Geoffrey Zakarian is no stranger to the dining environments of major metropolises like New York and Los Angeles. This March, he'll join a collection of national and local chefs as a marquee talent for the first iteration of a new L.A. Wine & Food Festival. Although he has quite a list of places he'd like to visit in the City of Angels, Zakarian isn't shy to admit that he expects to have to lean on his network of friends to find out where the newly minted hot spots are located.
Recently, Tasting Table caught up with the chef for an exclusive and wide-ranging interview in which Zakarian gave us everything from insights about what he'll be bringing to the festival to the ways he infuses his kids' breakfast with the flavors of his Armenian heritage. As a notable figure in the world of food and media, Zakarian is always a good voice to have at the table, no matter if the discussion is covering his favorite fast-food cheeseburger or the ever-evolving dining scene in New York.
Geoffrey Zakarian At L.A. Wine & Food Festival
We at Tasting Table are curious: What can attendees look forward to from you at the upcoming L.A. Wine & Food Festival?
Well, it's new. This is a whole new world, L.A. Food Festival. It sounds completely ridiculous that it should be new, because L.A. is such a fantastic food world, but it's sort of a new look for us. We do a lot of food fests ... I know what people like. But I also know that stuff that I like that is maybe a touch more esoteric or fun that I think people will appreciate. And I try to do it in a classical sense always, I always try to have one foot very much in the past.
And so I was wondering ... First of all, I don't know what the weather's going to be in LA. I know it's kind of not very good right now, but usually, it's pretty nice. So I'm figuring it'll be in the 60s or 70s, and since we're going to be outside on the pier, I decided to do fish. How about that? Radical.
Any particular insight into what type of seafood you're going to be using or how you're going to be using it?Probably a bluefin tuna from the Akami. And I want to put maybe an Italian spin on it. I'm not quite 100% sure what the finished product's going to be, but when we get there, we'll see. It always depends on when you do these things, what the setup is, and what you can do outside. And there's so many people, there's so many moving parts, it's like opening a pop-up for two hours. I plan for the best, but I plan for the worst also. I'm going to put an Italian sort of condiment spin on it. It's not going to be a tartar. And I might use some caviar just because caviar is seemingly making a comeback.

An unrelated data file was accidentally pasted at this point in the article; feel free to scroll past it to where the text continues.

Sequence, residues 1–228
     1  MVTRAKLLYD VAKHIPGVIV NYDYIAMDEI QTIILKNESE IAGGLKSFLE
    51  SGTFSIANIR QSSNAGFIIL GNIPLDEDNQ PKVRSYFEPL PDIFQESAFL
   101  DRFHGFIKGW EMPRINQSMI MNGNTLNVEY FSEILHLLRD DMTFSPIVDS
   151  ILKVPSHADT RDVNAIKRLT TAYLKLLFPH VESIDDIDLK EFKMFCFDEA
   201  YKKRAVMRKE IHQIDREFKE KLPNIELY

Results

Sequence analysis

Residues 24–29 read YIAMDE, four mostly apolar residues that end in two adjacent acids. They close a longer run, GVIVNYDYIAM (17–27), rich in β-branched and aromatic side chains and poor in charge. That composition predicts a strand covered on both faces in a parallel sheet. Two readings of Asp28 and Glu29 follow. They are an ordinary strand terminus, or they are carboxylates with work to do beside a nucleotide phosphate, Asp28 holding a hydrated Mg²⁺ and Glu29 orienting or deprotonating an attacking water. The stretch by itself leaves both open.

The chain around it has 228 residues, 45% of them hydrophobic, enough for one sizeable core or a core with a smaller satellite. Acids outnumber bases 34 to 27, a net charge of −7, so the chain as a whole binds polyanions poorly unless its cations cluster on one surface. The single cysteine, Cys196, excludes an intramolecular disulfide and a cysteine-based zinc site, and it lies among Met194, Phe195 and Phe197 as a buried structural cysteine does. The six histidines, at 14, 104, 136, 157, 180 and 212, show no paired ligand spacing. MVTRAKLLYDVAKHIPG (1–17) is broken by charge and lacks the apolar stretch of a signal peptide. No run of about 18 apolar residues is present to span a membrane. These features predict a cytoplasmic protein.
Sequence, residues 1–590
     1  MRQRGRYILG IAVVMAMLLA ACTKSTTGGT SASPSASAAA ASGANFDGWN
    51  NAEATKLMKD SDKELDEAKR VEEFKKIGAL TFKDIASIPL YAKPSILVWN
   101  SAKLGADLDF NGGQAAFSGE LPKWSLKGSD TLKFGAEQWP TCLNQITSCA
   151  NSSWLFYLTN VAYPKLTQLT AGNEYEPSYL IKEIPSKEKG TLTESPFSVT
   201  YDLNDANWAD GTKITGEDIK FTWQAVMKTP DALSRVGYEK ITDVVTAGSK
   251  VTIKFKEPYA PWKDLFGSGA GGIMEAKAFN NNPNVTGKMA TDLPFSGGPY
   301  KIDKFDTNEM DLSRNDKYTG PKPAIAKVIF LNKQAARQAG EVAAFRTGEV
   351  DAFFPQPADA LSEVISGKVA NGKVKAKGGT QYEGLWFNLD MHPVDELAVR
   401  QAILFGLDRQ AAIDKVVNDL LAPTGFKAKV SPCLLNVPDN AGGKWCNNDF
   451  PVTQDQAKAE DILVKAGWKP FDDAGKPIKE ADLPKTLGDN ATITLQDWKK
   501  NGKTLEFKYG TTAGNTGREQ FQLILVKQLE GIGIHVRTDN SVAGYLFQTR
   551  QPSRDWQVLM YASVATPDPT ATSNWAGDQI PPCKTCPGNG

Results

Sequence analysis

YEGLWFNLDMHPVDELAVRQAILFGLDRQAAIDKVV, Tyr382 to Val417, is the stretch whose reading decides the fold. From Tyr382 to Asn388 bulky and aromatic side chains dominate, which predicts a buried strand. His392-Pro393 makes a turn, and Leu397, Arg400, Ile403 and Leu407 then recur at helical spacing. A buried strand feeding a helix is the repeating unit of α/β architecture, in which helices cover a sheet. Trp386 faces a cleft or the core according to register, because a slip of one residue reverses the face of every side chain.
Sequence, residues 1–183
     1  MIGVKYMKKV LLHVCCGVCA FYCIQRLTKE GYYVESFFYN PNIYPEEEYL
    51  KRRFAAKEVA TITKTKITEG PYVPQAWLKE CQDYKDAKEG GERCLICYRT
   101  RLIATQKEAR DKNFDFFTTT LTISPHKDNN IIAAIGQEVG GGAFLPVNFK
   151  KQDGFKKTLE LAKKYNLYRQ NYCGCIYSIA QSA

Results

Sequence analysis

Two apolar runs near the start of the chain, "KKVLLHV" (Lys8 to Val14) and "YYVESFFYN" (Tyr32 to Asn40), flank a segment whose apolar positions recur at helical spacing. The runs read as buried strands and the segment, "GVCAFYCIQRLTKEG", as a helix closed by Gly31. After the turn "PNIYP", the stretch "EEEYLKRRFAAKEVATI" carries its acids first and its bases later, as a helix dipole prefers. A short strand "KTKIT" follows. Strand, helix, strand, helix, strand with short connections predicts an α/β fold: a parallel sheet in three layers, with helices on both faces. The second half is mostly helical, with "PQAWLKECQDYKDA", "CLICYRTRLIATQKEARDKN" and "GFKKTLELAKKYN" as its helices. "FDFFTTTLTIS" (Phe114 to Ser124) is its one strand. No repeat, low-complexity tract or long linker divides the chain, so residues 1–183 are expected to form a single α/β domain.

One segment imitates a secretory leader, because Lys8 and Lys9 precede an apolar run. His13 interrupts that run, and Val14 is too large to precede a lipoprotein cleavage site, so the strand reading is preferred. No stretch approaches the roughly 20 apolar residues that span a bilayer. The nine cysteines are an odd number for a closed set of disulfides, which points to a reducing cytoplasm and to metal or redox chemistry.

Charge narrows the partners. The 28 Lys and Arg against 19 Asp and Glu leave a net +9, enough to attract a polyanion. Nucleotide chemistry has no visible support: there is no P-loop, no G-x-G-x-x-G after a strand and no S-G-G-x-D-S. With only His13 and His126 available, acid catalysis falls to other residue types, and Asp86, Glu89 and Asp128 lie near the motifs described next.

Isn't it?Seems to be. It was luxury, and oh my god, poo-poo, and now it's like, "Oh, caviar with toast and eggs." It's become okay because now there are very many offshoots; since they banned some caviars, a lot of other caviars have come by that aren't so expensive and so dear. They're excellent. So that's what I'm thinking.
We have some great chefs going. You saw the lineup. It's also great. I've contacted Antonia [Lofaso], and I'm like, "Please tell me where to go for dinner." I don't know anyone. It's just so much, it's like chock full of choices. She's going to give me a list of where to go.
Finding Armenian Food In Los Angeles
As you mentioned, in L.A., it's such a big city, so it seems really interesting that this is the first iteration of this L.A. Wine & Food Festival. I'm really curious about what some of your go-to restaurants are around the city.You know who I call? I call Simon Majumdar. I don't know if you know Simon? He's a judge on "Iron Chef" with me and he's on Food Network as well, and he lives in L.A. He's originally a food writer. He has his pulse firmly on what's good and what's not good in California. He's eaten at every place there is.
So I'll go see maybe Chef Funke, because he's amazing. And where else will I go? Trying to go to Bicyclette because I haven't been, and I have such respect for those guys. And maybe République if I can. Musso & Frank Grill, the old style. I like old-style stuff. Maybe Craig's, because I used to always go to Craig's and say hi to him and always end up staying and having a bite to eat.
And then I'm going to wait for Antonia. She's going to give me a list and Simon's going to give me a list, so I'm excited for the new stuff. I read all about it, but then it's just so much stuff. If you're in New York and L.A., you need three lives.
Carrying on a little bit in that vein; L.A. has the largest population of Armenians in the country. Do you have any recommendations for eating Armenian cuisine in the city?